Phoenix Solar and Silicon Ranch are joining forces to develop, finance and install a portfolio of PV power plants in the southeast of the US.
The first installation under the partnership will be a 1.4MW system in Pulaski, Tennessee – set to be the largest privately owned solar installation in the state – and, with the help of Chapel Electric, Phoenix Solar has already started construction. It has also agreed to provide long-term operation and maintenance at the site.
The ground-mount system is set to be the centerpiece of Silicon Ranch’s planned Pulaski Energy Park, which will also include a solar training campus. Silicon Ranch is building the park on 25 acres of recently acquired land at the Pulaski Industrial Park on Elkton Highway Tennessee’s city centre.
“Developing a solar facility in Pulaski will bring tremendous economic, environmental and social advantages to the region,” Matthew Kisber, Silicon Ranch’s president and CEO, said. “Our intent is to provide low-cost solar energy with a focus on creating green jobs and increasing capital investments in clean energy here in our state.”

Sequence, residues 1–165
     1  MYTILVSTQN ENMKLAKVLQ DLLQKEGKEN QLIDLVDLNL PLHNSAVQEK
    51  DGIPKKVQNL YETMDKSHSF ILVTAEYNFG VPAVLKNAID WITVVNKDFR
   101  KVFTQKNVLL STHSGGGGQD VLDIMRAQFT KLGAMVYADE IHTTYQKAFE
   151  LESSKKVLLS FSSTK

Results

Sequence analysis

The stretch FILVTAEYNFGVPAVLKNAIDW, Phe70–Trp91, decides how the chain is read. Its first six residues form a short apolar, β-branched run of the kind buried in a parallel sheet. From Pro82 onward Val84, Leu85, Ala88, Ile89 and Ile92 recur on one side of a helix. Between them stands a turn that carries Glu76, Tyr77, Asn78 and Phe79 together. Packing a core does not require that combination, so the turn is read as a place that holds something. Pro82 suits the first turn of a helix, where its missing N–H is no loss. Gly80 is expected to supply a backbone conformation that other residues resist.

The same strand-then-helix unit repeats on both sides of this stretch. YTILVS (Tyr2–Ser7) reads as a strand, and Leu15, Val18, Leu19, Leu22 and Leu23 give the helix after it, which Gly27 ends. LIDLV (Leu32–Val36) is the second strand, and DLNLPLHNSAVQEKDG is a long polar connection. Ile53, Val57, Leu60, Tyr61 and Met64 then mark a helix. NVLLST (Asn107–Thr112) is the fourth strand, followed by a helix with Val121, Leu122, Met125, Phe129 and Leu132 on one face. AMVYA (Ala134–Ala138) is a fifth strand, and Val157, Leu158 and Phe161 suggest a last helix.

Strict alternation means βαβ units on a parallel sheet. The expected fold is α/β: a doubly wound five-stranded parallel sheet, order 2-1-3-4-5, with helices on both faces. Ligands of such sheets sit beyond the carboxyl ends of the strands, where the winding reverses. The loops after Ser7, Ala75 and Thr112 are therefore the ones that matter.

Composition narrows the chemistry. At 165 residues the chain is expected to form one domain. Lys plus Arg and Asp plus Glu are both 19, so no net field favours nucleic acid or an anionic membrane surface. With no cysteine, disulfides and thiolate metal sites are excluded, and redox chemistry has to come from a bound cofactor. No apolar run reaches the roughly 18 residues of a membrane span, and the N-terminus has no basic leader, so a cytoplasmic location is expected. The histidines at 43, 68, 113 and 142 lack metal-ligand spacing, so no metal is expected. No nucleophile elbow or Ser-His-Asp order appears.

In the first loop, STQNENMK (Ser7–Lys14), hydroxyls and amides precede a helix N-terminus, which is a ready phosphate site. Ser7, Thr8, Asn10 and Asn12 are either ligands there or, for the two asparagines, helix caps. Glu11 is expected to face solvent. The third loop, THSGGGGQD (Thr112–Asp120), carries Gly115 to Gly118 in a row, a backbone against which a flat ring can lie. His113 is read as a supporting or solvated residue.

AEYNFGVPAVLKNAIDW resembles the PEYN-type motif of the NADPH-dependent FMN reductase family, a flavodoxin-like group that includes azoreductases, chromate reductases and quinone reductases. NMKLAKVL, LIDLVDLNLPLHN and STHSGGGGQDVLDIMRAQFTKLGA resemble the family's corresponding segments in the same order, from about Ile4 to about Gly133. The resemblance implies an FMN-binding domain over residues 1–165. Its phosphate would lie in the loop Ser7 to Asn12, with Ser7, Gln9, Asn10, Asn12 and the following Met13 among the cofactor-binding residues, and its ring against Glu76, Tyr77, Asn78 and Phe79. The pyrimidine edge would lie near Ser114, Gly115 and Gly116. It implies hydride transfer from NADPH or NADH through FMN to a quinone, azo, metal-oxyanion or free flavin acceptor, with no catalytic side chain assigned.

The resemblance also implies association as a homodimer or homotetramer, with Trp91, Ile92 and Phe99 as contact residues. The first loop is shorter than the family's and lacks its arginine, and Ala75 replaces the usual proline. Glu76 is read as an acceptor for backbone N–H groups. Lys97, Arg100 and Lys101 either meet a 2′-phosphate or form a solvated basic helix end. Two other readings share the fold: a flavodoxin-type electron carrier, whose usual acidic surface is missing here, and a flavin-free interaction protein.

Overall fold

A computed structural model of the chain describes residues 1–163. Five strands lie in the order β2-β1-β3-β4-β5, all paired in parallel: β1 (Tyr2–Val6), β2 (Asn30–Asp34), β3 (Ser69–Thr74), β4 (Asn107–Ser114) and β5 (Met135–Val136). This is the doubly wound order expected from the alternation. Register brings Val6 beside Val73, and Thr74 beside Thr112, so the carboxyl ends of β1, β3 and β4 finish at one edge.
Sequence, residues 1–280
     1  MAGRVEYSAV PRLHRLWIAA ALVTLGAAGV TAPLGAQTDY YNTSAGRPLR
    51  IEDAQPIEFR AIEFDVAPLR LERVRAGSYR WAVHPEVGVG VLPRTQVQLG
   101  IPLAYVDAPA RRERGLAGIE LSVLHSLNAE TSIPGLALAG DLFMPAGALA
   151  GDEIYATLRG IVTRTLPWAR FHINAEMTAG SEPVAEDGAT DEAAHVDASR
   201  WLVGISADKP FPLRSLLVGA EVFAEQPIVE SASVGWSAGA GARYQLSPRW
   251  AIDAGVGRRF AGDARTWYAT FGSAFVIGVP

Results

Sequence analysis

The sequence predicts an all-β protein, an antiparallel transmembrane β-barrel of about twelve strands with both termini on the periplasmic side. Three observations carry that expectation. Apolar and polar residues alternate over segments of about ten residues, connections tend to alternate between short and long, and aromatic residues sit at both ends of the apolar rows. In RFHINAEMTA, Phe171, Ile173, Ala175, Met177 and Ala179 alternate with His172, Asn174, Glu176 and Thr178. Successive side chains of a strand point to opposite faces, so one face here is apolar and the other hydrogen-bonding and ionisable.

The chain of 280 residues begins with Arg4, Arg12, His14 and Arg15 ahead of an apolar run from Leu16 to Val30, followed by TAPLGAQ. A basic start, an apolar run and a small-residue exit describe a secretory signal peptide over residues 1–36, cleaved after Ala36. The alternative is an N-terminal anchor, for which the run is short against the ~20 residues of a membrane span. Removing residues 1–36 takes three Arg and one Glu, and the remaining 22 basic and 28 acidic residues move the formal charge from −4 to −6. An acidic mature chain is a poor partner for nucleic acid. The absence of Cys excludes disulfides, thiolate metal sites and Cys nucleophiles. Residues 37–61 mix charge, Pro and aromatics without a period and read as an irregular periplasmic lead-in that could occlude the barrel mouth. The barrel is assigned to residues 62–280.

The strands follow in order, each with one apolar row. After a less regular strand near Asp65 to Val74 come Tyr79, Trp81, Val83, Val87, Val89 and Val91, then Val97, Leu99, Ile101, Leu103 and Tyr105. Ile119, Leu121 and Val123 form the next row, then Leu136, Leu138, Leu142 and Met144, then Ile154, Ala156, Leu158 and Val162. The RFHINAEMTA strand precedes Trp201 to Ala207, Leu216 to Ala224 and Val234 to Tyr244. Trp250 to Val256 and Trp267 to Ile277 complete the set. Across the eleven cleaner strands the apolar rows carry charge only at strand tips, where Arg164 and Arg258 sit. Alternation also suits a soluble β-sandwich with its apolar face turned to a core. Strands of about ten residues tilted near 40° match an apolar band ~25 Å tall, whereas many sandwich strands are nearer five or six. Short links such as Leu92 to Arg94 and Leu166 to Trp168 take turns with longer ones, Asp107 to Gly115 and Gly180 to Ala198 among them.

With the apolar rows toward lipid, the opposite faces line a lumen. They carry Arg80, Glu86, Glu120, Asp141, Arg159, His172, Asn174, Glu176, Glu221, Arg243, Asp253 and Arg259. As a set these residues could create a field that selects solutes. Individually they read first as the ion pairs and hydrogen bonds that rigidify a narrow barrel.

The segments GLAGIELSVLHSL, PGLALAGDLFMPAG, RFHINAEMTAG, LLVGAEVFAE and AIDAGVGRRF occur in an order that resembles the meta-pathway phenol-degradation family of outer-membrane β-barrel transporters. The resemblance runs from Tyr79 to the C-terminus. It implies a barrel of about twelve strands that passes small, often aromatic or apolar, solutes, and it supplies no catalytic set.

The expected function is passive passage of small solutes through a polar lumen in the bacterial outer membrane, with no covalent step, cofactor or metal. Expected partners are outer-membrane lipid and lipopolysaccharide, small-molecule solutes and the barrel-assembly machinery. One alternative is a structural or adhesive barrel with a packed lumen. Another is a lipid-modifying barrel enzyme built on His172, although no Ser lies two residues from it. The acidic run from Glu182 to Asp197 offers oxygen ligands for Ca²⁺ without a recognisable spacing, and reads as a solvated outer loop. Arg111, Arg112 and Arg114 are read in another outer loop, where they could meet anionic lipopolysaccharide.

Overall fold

“Silicon Ranch is helping speed [up] the adoption of solar power in Tennessee, and we are proud to be their partner,” Phoenix Solar’s CEO and president, Paul Caudill, added. “Developing, building and then operating this privately held solar power plant represents an important energy and environmental milestone for the city of Pulaski, first, and then the state of Tennessee.”
Phoenix Solar is already making plans for further projects not just Tennessee and its neighbouring states but also further afield, with large-scale installations on the horizon in the US, Germany and Asia.
Earlier this month, Phoenix Solar posted disappointing financial results for the first nine months of 2011 – revenue of €253.9 million was nearly 45% down on 2010’s corresponding figure – and the company is responding with a number of changes to its business model and management structure; earlier this week it announced the departure of current chief financial officer Sabine Kauper and plans are also afoot to reduce the number of preferred suppliers in an effort to streamline operations and reduce lead-times.